October brought a troupe from Israel, where contemporary dance continues to be a hotbed of creativity. Vertigo Dance from Jerusalem brought chorographer Noa Wertheim’s Reshimo, with its company of nine unfettered dancers who take viewers on an emotional journey. “Reshimo,” a term from Kabbalah — Jewish mysticism — suggests the impression light makes, the afterimage. The 55-minute work presented an ever-evolving landscape of singular movement statements, accompanied by Ran Bagno’s rich and varied musical score, which modulates between violin, cello, synthesizers and kitschy retro-pop selections. Sexy trysts, playful romps, casual walks and a moment of frisson, explosive and shattering, fully animate the choreographic voice filling the work with resonant ideas.
My year in dance ended on a high note, another company from Israel: the country’s most intriguing, Batsheva Dance Company based in Tel Aviv, returned to The Kennedy Center’s Eisenhower Theater in November with the area premiere of Sadeh21. The work, by the company’s prolific and long-time choreographic master Ohad Naharin, shows off the dancers’ distinctive abilities to inhabit and embody movement in all its capacities. “Sadeh,” Naharin told me, means field, as in field of study, and the work unspools in vignettes or scenes – some solos, some duets or small groups, some full the company – which are labeled by number on the half-high back wall, the set designed by Avi Yona Bueno. Moments funny and disturbing, sexy and silly, movement riffs that combine the refined and the repulsive, an extended sequence of screaming, another where the men in unison ape and stomp like fools in flouncy skirts, and the final ending, simply gorgeous. Naharin’s music, like his rangy movement, is erratic, shifting from classical to pop, severe to silly to sweet in game-like fashion. The set design, that imposing idea, is freighted with multiple meanings. A wall in Israeli context recalls both the ancient Western Wall, the supporting wall of the Temple Mount in Jerusalem. But in contemporary terms the wall suggests the one built by the Israeli government to separate Israel proper from the West Bank. Both a protection and a burden, it’s a constant reminder that peace remains an achingly elusive ideal. For Naharin, the on-stage wall literally became a jumping off point. Dancers climbed it, stood atop it and dove into the inky blackness of the stage. Again and again, were they leaping to their freedom, to their deaths, or were they doves, soaring? Continuously, as the music faded and the lights rose, credits rolled like a movie on the wall, dancers climbed and dove. A taste of infinity. From earth to heaven and back again. I could have watched those final moments forever, they felt so raw, yet whole, risky but real. Final but indefinite. Batsheva ended my year in dance on a high note.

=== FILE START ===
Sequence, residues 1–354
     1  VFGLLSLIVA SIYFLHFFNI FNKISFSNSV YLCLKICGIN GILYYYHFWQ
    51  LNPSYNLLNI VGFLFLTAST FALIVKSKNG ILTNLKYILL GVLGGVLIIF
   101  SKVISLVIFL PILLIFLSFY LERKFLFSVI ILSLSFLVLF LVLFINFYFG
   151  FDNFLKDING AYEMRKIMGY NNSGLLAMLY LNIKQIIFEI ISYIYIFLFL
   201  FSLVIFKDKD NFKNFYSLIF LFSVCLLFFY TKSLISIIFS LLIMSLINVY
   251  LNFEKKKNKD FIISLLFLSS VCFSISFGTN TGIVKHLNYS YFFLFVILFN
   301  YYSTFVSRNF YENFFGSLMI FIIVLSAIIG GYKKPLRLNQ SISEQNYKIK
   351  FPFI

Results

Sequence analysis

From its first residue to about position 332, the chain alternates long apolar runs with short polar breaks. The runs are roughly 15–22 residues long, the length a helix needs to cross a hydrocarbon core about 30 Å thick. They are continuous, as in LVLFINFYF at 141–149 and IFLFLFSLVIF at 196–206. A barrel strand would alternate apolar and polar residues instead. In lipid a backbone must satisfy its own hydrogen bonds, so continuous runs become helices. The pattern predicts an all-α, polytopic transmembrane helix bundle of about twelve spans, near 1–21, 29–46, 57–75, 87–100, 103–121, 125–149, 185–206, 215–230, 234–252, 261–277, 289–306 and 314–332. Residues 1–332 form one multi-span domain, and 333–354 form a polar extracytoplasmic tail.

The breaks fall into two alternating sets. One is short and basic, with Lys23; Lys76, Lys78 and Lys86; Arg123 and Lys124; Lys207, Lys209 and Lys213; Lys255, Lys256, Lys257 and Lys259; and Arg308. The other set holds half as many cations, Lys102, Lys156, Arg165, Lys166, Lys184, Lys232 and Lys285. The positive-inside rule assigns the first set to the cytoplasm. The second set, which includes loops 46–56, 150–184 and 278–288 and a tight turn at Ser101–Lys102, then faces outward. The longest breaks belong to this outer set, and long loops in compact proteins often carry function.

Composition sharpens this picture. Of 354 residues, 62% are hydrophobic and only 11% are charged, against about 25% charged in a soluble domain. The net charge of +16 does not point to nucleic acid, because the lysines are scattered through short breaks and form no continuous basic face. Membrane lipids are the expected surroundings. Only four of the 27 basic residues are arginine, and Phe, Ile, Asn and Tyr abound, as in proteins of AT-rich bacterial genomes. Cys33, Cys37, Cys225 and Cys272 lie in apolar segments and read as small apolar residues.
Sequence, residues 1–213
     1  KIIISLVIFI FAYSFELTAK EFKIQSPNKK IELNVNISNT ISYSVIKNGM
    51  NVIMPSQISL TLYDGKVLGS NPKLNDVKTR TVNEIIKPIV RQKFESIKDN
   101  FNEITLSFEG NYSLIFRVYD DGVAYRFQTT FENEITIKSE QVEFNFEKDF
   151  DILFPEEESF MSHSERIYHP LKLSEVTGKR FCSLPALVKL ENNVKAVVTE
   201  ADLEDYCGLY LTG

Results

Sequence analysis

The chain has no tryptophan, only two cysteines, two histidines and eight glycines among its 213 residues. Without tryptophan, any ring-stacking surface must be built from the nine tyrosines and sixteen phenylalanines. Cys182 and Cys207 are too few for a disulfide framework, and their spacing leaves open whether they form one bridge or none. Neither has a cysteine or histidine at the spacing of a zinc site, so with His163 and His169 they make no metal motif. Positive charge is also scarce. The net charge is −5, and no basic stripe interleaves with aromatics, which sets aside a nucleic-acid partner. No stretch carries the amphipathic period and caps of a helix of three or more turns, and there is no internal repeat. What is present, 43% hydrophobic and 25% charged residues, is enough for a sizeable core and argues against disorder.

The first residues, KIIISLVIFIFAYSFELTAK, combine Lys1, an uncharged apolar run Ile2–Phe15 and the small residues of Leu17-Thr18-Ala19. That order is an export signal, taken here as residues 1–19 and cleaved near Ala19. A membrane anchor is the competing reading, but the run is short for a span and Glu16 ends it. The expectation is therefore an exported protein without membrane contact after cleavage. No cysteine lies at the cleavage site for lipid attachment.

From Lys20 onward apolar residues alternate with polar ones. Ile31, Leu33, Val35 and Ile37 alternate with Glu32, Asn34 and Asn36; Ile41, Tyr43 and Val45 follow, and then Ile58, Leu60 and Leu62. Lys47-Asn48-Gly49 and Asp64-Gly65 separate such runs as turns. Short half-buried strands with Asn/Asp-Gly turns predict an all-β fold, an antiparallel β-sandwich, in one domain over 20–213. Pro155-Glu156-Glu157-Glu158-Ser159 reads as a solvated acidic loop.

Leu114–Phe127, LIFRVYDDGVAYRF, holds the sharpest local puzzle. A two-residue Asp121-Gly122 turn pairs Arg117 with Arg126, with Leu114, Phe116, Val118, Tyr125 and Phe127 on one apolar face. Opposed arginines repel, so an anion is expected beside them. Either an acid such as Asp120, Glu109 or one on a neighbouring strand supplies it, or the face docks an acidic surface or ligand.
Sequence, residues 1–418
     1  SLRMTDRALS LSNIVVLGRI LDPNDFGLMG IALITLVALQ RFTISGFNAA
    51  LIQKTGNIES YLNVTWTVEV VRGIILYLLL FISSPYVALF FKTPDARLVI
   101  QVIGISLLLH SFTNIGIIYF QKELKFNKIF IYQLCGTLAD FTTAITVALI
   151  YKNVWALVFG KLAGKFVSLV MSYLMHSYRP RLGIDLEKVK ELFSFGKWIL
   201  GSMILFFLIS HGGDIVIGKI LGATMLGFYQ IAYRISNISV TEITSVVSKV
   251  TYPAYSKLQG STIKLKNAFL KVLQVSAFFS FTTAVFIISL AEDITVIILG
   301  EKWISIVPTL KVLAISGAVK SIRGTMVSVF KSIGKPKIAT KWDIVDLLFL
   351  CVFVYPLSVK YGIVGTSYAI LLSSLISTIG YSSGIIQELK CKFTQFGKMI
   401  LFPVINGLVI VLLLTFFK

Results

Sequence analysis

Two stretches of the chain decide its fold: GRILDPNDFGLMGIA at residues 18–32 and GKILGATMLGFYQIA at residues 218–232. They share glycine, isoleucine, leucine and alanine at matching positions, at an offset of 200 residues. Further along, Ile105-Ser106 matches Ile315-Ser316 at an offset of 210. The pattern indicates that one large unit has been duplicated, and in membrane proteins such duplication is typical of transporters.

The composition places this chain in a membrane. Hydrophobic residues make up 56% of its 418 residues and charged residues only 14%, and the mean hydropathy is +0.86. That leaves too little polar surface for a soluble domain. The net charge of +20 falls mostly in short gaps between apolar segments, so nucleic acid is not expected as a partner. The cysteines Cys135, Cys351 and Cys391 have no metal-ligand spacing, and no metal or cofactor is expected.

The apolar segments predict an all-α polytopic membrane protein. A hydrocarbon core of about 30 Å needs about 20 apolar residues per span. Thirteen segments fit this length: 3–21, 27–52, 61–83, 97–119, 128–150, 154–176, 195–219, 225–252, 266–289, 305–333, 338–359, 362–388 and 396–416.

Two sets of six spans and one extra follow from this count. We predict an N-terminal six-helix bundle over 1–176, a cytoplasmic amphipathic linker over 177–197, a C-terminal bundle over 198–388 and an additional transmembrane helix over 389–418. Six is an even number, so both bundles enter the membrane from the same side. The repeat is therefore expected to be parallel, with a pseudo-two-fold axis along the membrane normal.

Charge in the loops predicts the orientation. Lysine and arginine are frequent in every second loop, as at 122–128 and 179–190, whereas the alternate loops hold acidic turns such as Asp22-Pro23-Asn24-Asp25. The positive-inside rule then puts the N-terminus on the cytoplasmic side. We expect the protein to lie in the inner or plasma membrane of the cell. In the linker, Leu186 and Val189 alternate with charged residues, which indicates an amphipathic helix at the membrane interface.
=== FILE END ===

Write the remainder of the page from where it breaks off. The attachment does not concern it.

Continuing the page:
DCMetroTheaterArts’ Best of 2014: Dance by Carolyn Kelemen and Rick Westerkamp.